All USB/Firewire here. No Acronis.
Pimp von Hagenwil
Composer, Producer, Arranger, Engineer, MixMasterDelux
Major Label: $6000 per song, or $100.000 the album (orchestral and string session not included).
Indie/Unsigned: We give that work to Chris Carter, or another budget mixer.
02-08-2013 02:52 PM - edited 02-08-2013 02:52 PM
Chris, are you on Pro Tools HD 10? It may not have been actually playing back from the USB drive--PT may have cached the song in RAM. You could do the same thing with a thumb drive, assuming you had a big enough thumb drive.
02-11-2013 05:33 PM
As for backing up my sessions solely, and not the rest of the content of my laptop, should I stop the automatic backup feature, then drag my session work file from my hardrive to the external HD folder?
02-13-2013 05:09 AM
^^^ That's the only way I'd do it. It doesn't make allot of sense to back up your entire windows system. If you crash Windows you can always get in there via the safe mode and run System Restore. That's really rare.
Running as a DAW, You'd usually have the operating system optimized to record so you aren't going to have a gazillion junk programs, just your OS and audio programs and remove everything else you don't use every week to a month.
I have spare drives setup and ready to plug in if I crash the main drive. I haven't been doing allot of session work with others so I don't keep them up to date. I have three DAWs, One retired and two running. I can always transfer files from one to the other to keep them up to date.
One useful thing you should do is go into your VST plugins folder on your C drive and make a backup copy of all the DLL files (dynamic link libraries) in a folder on your backup drive. If your OS ever crashes and you have to do a complete install, you can copy over the Dll's over to the New plugin folder when you have all the programs loaded. You only need to copy the ones that didn't reinstall with the DAW program. And Its only good for plugins that don't require a full install.. I have a big collection of free plugins that don't require a full install so I can copy over a large amount of these Plugin Dll's and it cuts my setup time in half. The others that don't run properly I'd have to reinstall them anyway.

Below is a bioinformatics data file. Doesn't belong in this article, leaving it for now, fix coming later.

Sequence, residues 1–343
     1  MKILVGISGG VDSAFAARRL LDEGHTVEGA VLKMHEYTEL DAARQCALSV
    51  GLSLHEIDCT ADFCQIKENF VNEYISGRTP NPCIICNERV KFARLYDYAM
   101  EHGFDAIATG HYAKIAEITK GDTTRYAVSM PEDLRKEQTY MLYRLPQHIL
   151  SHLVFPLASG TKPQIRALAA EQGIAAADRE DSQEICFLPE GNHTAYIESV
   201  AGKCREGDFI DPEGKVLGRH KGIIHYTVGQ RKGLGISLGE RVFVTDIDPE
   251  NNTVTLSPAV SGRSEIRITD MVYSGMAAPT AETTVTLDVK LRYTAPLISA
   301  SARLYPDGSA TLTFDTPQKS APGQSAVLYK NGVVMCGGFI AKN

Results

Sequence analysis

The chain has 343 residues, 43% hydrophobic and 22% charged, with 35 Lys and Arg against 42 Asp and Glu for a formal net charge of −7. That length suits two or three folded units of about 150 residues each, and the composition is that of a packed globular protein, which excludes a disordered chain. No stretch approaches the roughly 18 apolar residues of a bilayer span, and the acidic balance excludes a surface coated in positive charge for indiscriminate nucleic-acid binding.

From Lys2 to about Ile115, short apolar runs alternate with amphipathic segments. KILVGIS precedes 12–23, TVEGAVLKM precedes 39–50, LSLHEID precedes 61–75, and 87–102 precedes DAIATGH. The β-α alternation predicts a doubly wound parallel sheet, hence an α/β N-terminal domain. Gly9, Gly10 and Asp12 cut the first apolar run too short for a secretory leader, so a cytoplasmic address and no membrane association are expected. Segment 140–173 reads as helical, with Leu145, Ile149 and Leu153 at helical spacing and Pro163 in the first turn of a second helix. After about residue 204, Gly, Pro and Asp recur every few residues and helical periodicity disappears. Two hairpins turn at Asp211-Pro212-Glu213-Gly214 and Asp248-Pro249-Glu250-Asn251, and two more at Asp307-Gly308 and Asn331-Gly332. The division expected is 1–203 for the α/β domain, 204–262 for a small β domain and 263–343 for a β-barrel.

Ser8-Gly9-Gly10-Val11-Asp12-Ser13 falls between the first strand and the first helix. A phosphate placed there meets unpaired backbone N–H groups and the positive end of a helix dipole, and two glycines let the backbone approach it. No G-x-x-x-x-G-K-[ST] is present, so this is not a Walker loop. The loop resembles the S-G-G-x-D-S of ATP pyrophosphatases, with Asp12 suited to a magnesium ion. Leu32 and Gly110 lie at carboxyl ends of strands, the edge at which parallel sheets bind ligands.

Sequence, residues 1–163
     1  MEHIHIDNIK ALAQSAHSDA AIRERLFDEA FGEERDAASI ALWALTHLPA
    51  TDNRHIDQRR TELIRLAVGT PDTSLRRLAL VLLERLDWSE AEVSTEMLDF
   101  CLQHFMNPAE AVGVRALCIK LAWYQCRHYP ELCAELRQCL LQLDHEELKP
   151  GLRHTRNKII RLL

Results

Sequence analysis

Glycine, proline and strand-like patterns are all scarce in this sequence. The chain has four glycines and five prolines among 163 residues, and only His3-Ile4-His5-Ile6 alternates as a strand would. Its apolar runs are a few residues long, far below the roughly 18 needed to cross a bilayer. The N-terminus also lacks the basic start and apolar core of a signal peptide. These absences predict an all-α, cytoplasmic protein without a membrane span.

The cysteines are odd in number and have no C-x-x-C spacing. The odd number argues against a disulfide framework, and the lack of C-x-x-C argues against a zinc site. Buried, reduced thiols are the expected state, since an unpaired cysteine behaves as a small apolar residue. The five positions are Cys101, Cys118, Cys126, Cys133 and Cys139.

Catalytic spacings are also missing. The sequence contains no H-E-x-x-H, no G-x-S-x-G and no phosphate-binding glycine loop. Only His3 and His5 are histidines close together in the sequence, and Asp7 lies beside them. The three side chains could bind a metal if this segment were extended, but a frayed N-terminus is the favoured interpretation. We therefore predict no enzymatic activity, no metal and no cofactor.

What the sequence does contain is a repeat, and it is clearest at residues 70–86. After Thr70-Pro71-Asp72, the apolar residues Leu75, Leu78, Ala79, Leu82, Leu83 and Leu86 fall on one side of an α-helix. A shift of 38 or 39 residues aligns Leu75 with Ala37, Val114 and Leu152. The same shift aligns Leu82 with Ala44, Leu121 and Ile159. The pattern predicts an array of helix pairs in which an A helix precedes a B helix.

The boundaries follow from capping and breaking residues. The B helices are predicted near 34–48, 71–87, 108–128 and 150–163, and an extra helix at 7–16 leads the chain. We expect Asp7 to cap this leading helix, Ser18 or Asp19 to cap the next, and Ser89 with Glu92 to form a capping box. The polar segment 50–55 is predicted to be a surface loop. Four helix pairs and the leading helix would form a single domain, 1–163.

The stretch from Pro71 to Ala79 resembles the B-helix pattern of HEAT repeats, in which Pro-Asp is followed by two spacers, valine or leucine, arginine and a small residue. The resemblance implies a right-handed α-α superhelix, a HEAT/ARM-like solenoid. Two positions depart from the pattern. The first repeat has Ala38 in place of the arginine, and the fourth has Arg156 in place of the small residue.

I backup recording projects manually. Not all projects are even worth backing up. Over time, when you have several thousand recordings done, you develop a frame of reference of what's worth the drive space and what's not.
Right now on my one DAW I have about 40 projects open in various stages of construction. That's quite a bit for me. I been coming up with allot of musical ideas and put drum tracks and rhythm parts down so I don't forget them. I do maybe 10 at a time. Then I go back and put the bass parts in, vocals, leads, keys etc. Out of that 40, I expect to mix down 30 of them. 5~10 may wind up in the trash bin, either because I lost interest, or upon retrospect, I didn't think them worthy of my talent to continue investing god tracks upon a weak foundation. If there's something creative there, I may mix it down to an idea clip file. Bits an pieces of things I can pursue when I'm in dire straits for ideas.
Main thing is when the juice is flowing, I record and build the projects up session by session. Out of my current 40 or so projects I may wind up with 30 stereo mix downs that get mastered for CD burning and saved to several different drives so I have copies. Those copies get placed in folders based on, recording quality, creativity, Performance, etc. Then Out of the 30, I may only do a full backup of the multitrack recordings for 2 or three songs that are truly worth saving and I may want to rework the original.
There is a time when you have to let go of old projects. If I want to reminisce and listen to old recordings, I can hear the stereo mix. If I want to record it again, Its highly unlikely I'd want to have the original tracks anyway. I'd want to rerecord the whole thing with fresh talent, fresh perspective, new recording gear, even new ideas for the musical arrangement. I can get all that from the stereo file even if that recording was made 40 years ago Like I have in my library of recording both digital and analog.
I also have backups for my lyrics and tab notations. If I have an original song that can be played with a band, I usually type up the lyrics and chords in a word document. I back up the word documents in a word file folder and print out a copy when I'm tracking my lyrics. I keep that copy in my current original song binder. I can rerecord the whole song just from that lyrics page with the notes I put down on it.